By sharing openly we can connect with each other and feel a little less alone in these stressful times. Knowing you have people around you to support you is invaluable, especially when you’re not together. It’s OK to not be OK, but we can try to find new ways to thrive and bring more community into our lives.
Lottie Maddison, Marketing and Development Manager, StormBrands
Every part of our working culture has been shaken up by COVID-19 and we’re all feeling the effects in unique ways. So, it’s now more important than ever that we encourage open and honest conversations with each other about what is working, what isn’t and what’s next to keep supporting mental health at work.
Burnout is still a risk, even while working from home, so team calls need to also be opportunities for anyone to ask for and offer assistance. Since the lockdown began, we scheduled regular daily check-ins to provide an open line of support for everyone, both freelancers and full-time staff. More recently, we’ve joined an employee support hub which gives all of our team round-the-clock access to professional, impartial and confidential advice.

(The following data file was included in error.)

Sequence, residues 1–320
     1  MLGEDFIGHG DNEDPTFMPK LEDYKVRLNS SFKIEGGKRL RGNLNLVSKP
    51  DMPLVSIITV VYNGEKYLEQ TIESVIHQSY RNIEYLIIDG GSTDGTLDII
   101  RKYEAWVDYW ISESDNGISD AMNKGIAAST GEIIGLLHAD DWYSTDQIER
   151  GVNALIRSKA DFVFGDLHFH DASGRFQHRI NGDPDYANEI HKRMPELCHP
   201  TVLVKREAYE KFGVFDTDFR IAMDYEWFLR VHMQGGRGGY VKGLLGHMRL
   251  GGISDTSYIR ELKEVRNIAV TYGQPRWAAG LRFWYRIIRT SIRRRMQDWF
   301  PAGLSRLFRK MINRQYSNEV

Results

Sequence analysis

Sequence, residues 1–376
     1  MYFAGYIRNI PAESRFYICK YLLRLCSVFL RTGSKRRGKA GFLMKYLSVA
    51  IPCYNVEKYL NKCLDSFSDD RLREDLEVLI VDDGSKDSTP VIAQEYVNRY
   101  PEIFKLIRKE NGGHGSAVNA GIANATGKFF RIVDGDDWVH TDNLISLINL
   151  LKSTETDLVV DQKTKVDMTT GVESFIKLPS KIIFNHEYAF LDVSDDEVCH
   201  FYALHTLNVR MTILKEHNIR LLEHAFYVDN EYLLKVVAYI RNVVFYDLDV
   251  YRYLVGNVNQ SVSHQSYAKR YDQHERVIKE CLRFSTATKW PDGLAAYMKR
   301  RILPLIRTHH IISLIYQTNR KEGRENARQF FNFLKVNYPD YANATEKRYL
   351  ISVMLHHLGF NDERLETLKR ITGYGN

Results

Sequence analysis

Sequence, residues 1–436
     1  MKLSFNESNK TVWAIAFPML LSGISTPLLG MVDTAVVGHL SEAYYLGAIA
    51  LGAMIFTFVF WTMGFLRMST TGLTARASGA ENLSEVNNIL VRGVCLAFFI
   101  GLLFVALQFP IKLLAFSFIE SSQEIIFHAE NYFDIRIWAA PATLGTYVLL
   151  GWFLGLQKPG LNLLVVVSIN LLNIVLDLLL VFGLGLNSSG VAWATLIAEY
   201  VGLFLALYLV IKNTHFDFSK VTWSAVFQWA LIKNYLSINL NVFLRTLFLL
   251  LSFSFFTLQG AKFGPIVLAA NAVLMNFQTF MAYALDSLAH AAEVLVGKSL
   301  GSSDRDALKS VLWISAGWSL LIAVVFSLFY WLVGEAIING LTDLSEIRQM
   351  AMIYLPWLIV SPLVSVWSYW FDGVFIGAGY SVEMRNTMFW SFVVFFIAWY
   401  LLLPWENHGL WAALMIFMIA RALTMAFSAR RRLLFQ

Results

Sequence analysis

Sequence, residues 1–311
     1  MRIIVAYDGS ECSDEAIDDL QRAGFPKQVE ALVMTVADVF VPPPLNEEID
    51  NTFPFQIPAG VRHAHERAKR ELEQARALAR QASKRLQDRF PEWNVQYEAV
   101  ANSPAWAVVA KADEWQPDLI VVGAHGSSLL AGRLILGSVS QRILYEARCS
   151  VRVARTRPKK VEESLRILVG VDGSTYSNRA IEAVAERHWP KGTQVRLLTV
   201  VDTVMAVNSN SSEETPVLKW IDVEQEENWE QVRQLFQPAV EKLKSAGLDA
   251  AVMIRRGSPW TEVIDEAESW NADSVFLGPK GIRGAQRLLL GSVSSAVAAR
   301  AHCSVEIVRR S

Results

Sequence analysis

This experience has stolen from us our human connections, so it’s important to try and reform them for the social distance age. Each week, we host a video call that isn’t work-focused and encourage everyone to get partners, flatmates, or kids involved for a social catch up.